A 2018 paper published in the Financial Analyst’s Journal analyzes the alpha created by Warren Buffett’s Berkshire Hathaway. The introduction, by authors Andrea Frazzini, David Kabiller, and Lasse Heje Pedersen (of AQR Capital management), reads:
“While much has been said and written about Warren Buffett and his investment style, there has been little rigorous empirical analysis that explains his performance. Every investor has a view on how Buffett has done it and the practical implications of his success, but we seek the answer via a thorough empirical analysis in light of some the latest research on the drivers of returns.”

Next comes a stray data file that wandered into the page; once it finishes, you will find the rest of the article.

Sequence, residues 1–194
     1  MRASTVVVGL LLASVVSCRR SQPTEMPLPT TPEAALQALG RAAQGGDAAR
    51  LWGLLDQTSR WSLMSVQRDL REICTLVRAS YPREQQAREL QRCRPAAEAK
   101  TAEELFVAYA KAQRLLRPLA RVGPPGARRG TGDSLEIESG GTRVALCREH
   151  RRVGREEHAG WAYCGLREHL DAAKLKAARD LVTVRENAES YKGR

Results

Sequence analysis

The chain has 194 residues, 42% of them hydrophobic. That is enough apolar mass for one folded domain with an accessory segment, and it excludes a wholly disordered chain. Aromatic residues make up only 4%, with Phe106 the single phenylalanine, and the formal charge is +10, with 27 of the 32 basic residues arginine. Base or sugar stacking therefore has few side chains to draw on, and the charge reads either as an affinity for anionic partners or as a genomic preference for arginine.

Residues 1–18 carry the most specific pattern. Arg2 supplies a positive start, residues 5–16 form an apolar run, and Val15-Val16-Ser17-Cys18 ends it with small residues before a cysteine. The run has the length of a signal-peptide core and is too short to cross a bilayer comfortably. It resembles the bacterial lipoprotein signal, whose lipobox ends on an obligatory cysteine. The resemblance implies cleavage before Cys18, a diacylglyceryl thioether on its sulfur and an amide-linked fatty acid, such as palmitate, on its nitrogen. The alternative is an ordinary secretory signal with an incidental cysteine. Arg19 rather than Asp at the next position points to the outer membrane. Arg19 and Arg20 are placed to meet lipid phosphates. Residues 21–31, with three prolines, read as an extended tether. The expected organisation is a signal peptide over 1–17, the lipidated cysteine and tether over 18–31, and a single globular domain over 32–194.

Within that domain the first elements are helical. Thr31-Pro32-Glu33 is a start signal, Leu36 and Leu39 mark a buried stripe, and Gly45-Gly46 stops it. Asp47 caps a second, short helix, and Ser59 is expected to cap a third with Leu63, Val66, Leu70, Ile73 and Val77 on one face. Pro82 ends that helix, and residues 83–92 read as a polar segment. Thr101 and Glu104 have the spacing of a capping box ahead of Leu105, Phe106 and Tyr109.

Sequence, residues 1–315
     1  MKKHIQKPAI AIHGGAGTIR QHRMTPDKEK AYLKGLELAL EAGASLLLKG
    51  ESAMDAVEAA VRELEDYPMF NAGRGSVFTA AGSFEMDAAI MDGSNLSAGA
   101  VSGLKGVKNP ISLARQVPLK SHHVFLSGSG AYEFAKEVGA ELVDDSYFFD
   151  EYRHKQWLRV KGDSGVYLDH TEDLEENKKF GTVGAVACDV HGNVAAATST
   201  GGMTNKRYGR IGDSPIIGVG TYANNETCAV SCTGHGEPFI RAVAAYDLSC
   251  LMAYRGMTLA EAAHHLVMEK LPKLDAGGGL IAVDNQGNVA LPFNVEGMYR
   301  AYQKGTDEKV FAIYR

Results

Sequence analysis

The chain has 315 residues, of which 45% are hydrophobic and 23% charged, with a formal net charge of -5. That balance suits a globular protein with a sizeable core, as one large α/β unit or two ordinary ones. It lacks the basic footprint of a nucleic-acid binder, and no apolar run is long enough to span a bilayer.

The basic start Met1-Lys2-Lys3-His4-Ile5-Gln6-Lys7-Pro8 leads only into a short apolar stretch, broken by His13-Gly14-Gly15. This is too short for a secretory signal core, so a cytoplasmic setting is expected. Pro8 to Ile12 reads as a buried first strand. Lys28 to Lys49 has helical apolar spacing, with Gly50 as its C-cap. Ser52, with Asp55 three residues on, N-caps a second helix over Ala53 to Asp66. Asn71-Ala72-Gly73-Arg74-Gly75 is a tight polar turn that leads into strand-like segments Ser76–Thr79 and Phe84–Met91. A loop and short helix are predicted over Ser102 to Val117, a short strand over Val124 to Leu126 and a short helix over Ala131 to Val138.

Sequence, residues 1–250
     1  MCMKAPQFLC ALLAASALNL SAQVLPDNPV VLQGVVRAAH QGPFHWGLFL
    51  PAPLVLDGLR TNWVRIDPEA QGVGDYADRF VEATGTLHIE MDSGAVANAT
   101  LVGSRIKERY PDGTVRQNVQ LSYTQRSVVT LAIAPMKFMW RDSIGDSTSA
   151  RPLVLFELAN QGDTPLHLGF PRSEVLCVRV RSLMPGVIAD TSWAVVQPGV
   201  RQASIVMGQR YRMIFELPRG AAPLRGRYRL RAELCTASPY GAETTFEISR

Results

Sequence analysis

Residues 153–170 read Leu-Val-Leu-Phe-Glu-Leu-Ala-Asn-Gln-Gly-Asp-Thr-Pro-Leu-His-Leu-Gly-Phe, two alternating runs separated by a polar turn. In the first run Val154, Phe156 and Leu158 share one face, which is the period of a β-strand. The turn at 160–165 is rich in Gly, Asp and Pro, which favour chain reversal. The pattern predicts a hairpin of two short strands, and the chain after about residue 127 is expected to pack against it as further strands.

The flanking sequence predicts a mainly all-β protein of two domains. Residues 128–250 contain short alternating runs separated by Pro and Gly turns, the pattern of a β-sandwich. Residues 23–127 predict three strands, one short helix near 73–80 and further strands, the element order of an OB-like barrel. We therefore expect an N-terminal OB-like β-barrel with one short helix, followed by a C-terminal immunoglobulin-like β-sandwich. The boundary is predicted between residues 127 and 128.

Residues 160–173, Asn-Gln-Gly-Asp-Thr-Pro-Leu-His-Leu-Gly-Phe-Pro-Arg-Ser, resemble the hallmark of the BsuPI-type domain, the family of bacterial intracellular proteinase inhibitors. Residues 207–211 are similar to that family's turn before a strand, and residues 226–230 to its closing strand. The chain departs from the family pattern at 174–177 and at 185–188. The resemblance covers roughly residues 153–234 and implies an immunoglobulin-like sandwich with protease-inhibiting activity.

Their findings illustrate that Buffett’s returns appear to be “neither luck nor magic, but, rather, reward for leveraging cheap, safe, quality stocks.” The study, which involved “decomposing Berkshires’ portfolio into ownership in publicly traded stocks versus wholly-owned private companies,” revealed that the publicly-traded shares were the stronger performers, therefore suggesting that Buffett’s alpha is attributed more to his stock selection process than to his effect on management.
The 34-page paper outlines the data sources used by the authors and is divided into the following sections regarding Buffett’s returns:
- Track Record
- Leverage: Magnitude and Cost
- Public Stocks vs. Private Companies
- Alpha and Investment Style: What Type of Stocks?
- A Systematic Buffett Strategy
- Conclusion: Practical Implications of the Oracle’s Alpha